Monday, January 7, 2008

Signal processing expert: the day when imagination, not technology, is our chief limitation

Posted by John Keller

I had a fascinating conversation with a signal-processing expert at Analog Devices yesterday. It seems we may be reaching the stage where innovation is not limited by technology any longer, but by the vision of the folks designing the systems.

For so long, systems designers have had to work within the constraints of whatever is the state of the art in technology, and nearly always fall short of what they might actually want to achieve. That's not so much true anymore, says Dr. Mike Coln, division fellow of precision converters at the Analog Devices Inc. signal processing group in Wilmington, Mass.

"What is possible on silicon these days is fairly impressive," Coln says. "There are many cases where the limitations in the sorts of products you can build, and the opportunities you can serve, are not so much in silicon, but constrained by the vision of the people designing those products."

That sounds like we've reached the stage where if you can dream it up, you can build it, with not too many technological hurdles getting in your way.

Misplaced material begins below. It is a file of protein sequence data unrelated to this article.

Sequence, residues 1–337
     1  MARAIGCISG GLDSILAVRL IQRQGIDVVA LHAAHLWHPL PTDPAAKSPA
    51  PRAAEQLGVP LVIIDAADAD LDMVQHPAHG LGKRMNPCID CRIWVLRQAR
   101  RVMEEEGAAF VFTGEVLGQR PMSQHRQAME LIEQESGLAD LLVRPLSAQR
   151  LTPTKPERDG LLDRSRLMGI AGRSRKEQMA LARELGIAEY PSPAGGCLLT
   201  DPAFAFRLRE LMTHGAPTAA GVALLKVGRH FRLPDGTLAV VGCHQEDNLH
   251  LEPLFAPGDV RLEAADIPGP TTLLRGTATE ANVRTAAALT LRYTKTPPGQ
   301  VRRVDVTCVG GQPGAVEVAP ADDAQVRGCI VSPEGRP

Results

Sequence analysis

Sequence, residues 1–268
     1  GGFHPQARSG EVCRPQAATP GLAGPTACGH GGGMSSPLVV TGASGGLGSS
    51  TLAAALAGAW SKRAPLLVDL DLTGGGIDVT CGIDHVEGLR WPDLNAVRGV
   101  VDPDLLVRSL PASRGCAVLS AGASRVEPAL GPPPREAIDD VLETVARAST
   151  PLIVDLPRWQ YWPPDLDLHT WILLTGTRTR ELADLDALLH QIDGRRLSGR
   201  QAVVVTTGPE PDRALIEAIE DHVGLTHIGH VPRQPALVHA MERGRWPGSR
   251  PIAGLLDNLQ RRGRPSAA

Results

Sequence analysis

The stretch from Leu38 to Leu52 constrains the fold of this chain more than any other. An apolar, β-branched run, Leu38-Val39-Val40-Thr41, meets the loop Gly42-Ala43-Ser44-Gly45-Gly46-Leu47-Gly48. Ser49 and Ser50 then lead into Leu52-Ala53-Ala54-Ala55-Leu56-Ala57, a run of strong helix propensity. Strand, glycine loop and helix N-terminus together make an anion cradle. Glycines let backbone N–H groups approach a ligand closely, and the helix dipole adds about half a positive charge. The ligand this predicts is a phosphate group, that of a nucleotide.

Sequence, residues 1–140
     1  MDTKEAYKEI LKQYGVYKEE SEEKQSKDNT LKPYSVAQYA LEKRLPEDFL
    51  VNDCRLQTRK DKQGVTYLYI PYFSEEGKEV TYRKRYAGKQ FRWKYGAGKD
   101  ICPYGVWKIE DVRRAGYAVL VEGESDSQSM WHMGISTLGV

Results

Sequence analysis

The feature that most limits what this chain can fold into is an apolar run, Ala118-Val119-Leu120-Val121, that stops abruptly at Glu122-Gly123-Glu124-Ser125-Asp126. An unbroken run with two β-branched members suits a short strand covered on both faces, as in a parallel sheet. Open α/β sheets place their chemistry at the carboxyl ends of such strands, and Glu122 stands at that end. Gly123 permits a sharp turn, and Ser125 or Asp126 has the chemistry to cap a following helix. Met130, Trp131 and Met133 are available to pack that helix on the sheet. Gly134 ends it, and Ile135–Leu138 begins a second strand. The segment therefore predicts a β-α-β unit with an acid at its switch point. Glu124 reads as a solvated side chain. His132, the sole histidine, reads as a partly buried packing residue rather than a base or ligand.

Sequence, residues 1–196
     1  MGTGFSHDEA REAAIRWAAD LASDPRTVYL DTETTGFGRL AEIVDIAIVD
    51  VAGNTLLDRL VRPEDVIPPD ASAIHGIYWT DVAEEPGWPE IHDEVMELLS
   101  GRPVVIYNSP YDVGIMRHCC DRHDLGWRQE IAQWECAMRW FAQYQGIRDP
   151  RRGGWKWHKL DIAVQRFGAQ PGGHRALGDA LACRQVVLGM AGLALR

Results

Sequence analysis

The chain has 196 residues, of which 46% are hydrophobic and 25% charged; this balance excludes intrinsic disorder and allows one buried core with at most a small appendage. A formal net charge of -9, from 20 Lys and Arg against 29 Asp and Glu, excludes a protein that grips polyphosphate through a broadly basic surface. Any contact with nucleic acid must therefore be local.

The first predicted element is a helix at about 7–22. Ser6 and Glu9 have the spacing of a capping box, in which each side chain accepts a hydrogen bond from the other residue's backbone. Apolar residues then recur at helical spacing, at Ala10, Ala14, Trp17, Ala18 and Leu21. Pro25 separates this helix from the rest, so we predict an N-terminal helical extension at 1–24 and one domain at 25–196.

One thinks back to the Wright Brothers, who for all their lives undoubtedly gazed at birds and flying insects, and struggled mightily to develop rudimentary technology necessary to emulate them. They came up with wood, wire, fabric, and a noisy engine. It was barely just good enough.

Now advanced aircraft developers can build robotic insects and birds. It is truly amazing, at the expense of sounding gushy, how far technology has advanced in the hundred-odd years since then. More to the point, it's amazing the technological advantages that today's systems designers have -- how spoiled they really are.

If you can imagine it, you can build it -- no matter how complex. If only Wilbur and Orville knew.

But the story doesn't stop here. In fact, it's the beginning of a whole new volume that begins something like this: if technology is no longer the biggest challenge to innovation, then the very imaginations of the systems designers become our biggest limitation. "Now it is people issues, as opposed to engineering issues," Coln says.

How to break through these new limitations? "We need better partnerships between people like me and the people in the systems-integration community," Coln says. "That's my call to arms. By partnering with their suppliers, the integrators discover the overlap between what is possible and what is worthwhile. They are not aware of what we are truly capable of doing, and we are not aware of the challenges they face."

Perhaps as we move forward into the 21st century, these imagination limitations, as opposed to technological limitations, will give rise to new business practices and systems-development models that could redefine what we know as inter-company competition.

I'm not sure exactly how something like that might come about, but the results could be worthwhile. All we have to do is imagine it.

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